10−2 1 centisecond cs
100 1 second s
1 s: 9,192,631,770 periods of the radiation corresponding to the transition between the two hyperfine levels of the ground state of the cesium-133 atom.[5]
60 s: 1 minute
1 s, 10 s, 100 s
103 1 kilosecond
(16.7 minutes)
ks 3.6 ks: 3600 s or 1 hour
86.4 ks: 86 400 s or 1 day
604.8 ks: 1 week
103 s, 104 s, 105 s
106 1 megasecond
(11.6 days)
Ms month = 2.6 x 106 s
year = 31.6 Ms = 107.50 s
106 s, 107 s, 108 s
109 1 gigasecond
(32 years)
Gs century = 3.16 Gs ≈ 3.16 × 109 s
millennium = 31.6 Gs ≈ 3.16 × 1010 s
109 s, 1010 s, 1011 s
1012 1 terasecond
(32 000 years)
Ts eon = 31.6 Ts ≈ 3.16 × 1013 s 1012 s, 1013 s, 1014 s
1015 1 petasecond
(32 million years)
Ps aeon = 31.6 Ps ≈ 3.16 × 1016 s
1015 s, 1016 s, 1017 s
1018 1 exasecond
(32 billion years)
Es 0.43 Es ≈ the approximate age of the Universe 1018 s, 1019 s, 1020 s
1021 1 zettasecond
(32 trillion years)
Zs 1021 s, 1022 s, 1023 s
1024 1 yottasecond
(32 quadrillion years)
Ys 1024 s, 1025 s, 1026 s and more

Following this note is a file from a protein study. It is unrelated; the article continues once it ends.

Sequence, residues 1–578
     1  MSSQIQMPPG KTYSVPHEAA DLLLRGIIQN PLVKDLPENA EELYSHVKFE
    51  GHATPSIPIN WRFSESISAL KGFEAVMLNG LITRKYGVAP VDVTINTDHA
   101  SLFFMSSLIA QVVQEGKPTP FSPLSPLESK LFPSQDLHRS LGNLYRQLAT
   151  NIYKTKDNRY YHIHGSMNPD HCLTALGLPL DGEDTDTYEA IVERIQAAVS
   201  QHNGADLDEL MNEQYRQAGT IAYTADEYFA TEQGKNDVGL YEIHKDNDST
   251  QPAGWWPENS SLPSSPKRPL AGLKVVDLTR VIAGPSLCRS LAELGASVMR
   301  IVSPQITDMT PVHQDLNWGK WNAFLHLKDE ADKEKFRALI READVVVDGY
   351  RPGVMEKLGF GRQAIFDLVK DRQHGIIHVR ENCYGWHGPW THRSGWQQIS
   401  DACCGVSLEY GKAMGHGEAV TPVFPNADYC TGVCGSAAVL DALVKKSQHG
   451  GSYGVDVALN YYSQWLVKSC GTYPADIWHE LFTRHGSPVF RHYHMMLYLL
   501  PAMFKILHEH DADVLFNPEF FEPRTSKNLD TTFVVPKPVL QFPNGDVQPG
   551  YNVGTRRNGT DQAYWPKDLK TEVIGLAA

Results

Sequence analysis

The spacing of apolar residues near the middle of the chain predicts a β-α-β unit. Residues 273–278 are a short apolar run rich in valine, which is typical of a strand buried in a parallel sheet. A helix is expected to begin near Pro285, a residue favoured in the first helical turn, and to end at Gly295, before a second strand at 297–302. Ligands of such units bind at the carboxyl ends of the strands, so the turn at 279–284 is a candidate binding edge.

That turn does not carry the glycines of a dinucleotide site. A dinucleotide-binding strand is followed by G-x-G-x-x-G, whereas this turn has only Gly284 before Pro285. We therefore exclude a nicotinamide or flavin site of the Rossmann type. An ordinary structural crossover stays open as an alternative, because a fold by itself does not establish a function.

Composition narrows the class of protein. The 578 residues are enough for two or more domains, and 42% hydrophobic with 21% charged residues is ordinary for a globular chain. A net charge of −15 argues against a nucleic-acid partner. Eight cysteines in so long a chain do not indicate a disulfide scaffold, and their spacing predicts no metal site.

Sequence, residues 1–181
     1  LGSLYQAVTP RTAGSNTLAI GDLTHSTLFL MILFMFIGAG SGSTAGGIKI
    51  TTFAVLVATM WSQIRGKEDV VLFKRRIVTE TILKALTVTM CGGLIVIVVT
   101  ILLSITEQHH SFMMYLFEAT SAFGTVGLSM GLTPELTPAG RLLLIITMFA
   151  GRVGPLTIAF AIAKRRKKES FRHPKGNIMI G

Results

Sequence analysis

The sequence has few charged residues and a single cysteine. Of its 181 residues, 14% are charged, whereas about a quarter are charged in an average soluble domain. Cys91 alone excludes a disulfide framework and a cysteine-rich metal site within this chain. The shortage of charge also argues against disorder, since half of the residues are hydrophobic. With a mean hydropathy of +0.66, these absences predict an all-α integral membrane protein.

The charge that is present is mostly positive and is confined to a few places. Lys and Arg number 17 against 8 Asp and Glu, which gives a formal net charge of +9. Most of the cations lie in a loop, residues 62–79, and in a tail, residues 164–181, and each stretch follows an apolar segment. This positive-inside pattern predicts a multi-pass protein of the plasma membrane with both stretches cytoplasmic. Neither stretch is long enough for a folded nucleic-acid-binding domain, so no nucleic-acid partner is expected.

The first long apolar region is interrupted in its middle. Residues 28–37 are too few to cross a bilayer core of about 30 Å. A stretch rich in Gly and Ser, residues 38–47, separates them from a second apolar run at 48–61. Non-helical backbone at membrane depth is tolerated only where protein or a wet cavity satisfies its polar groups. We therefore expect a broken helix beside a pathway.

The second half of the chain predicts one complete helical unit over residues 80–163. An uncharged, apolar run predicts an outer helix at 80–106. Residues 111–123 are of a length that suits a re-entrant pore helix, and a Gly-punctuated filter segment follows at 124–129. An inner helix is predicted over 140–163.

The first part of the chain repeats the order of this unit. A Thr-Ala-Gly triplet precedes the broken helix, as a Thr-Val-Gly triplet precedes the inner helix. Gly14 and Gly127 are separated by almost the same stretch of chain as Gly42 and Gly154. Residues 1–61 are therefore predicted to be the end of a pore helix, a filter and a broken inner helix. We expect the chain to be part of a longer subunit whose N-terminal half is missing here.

Years

Orders of magnitude (time)
Factor (a) Multiple common units orders of magnitude
10−50 Planck time, the shortest physically meaningful interval of time ≈ 1.71 × 10−50 a 10−50 a
10−24 1 yoctoannum -- 1 ya and less, 10 ya, 100 ya
10−21 1 zeptoannum -- 1 za, 10 za, 100 za
10−18 1 attoannum -- 1 aa, 10 aa, 100 aa
10−15 1 femtoannum -- 1 fa, 10 fa, 100 fa
10−12 1 picoannum -- 1 pa, 10 pa, 100 pa
10−9 1 nanoannum 1 second = 3.17 × 10-8 a ≈ 10-7.50 a 1 na, 10 na, 100 na
10−6 1 microannum 1 minute = 1.90 × 10-6 a
1 hour = 1.40 × 10-4 a
1 ua, 10 ua, 100 ua
10−3 1 milliannum 1 day = 2.73 × 10-3 a
1 week = 1.91 × 10-2 a
1 ma, 10 ma, 100 ma
100 1 annum 1 average year = 1 annum (= 365.24219 SI days)
decade = 10 anna
century = 100 anna
1 a, 10 a, 100 a
103 1 kiloannum millennium = 1000 anna 103 a, 104 a, 105 a
106 1 megaannum epoch = 1,000,000 anna 106 a, 107 a, 108 a
109 1 gigaannum aeon = 1,000,000,000 anna
13.7 Ga = 1.37×1010 a ≈ 13.7 billion years, the approximate age of the Universe
109 a, 1010 a, 1011 a
1012 1 teraannum --- 1012 a, 1013 a, 1014 a
1015 1 petaannum --- 1015 a, 1016 a, 1017 a
1018 1 exaannum -- 1018 a, 1019 a, 1020 a
1021 1 zettaannum -- 1021 a, 1022 a, 1023 a